Website splash pages offer a quick-to-set-up, direct, and user-friendly avenue to gather user data.
Splash page vs landing page comparison table
A splash page is best for when you want your users to decide how to interact with your business. On the other hand, a landing page is ideal for highlighting one or a few products earmarked for sale during a specific period of time or qualified lead generation.
There are three main qualities of a splash page design:
Minimal but punchy copy
These visuals will most likely be your audience’s first introduction to the business. Therefore, they must be aesthetically pleasing, relevant to user interests, and on-brand. Failing to exploit this tool will likely lead to a high bounce rate – your site visitors will exit your website seconds after entering it.
There are a variety of different visual elements at your disposal, from background images and product photography to video or animation. Be mindful of the type of image-based media you use on your splash landing page. Video media, for example, often slows download time and may fail to show up for users with an adblocker enabled.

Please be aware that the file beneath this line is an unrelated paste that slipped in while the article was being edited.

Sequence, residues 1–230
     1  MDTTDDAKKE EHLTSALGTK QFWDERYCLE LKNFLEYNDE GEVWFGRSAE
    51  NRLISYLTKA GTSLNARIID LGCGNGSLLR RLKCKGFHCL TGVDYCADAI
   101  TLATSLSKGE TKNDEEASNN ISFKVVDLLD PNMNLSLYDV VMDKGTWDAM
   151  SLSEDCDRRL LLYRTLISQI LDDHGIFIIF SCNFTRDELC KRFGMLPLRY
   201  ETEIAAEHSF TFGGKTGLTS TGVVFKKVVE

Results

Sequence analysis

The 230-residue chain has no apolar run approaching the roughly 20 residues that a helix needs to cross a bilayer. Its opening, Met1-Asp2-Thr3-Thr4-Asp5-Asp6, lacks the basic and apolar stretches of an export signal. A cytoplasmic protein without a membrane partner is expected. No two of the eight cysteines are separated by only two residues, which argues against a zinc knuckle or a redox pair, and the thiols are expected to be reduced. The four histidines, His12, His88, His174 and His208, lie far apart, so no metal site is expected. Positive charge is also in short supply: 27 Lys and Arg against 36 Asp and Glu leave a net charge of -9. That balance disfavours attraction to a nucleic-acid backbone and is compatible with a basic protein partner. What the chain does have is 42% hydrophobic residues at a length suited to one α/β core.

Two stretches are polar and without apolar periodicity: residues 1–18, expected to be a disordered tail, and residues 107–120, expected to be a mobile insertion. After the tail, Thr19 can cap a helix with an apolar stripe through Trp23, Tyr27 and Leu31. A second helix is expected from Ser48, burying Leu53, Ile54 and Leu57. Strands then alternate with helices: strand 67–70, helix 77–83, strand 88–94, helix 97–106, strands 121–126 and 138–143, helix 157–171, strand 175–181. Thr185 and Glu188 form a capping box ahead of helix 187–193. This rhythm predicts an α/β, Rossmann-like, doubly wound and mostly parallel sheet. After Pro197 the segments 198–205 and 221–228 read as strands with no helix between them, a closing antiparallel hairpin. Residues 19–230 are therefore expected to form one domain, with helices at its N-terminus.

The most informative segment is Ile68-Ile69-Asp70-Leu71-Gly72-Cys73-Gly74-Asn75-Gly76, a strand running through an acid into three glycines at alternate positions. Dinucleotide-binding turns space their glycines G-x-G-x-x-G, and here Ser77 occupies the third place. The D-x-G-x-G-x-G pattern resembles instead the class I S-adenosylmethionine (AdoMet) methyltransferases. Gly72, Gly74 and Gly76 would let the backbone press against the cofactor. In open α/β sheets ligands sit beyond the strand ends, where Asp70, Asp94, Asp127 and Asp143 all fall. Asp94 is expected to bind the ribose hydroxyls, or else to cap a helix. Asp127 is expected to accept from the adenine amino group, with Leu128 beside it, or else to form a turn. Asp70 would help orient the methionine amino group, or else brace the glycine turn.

Your copy must be short and action-orientated. It must give instructions directing the user to act. Also, refrain from writing paragraphs of text. Remember that in 2020 the number of unique global mobile internet users was 4.2 billion. This suggests that over 90% of the worldwide internet population uses a mobile device to access the internet.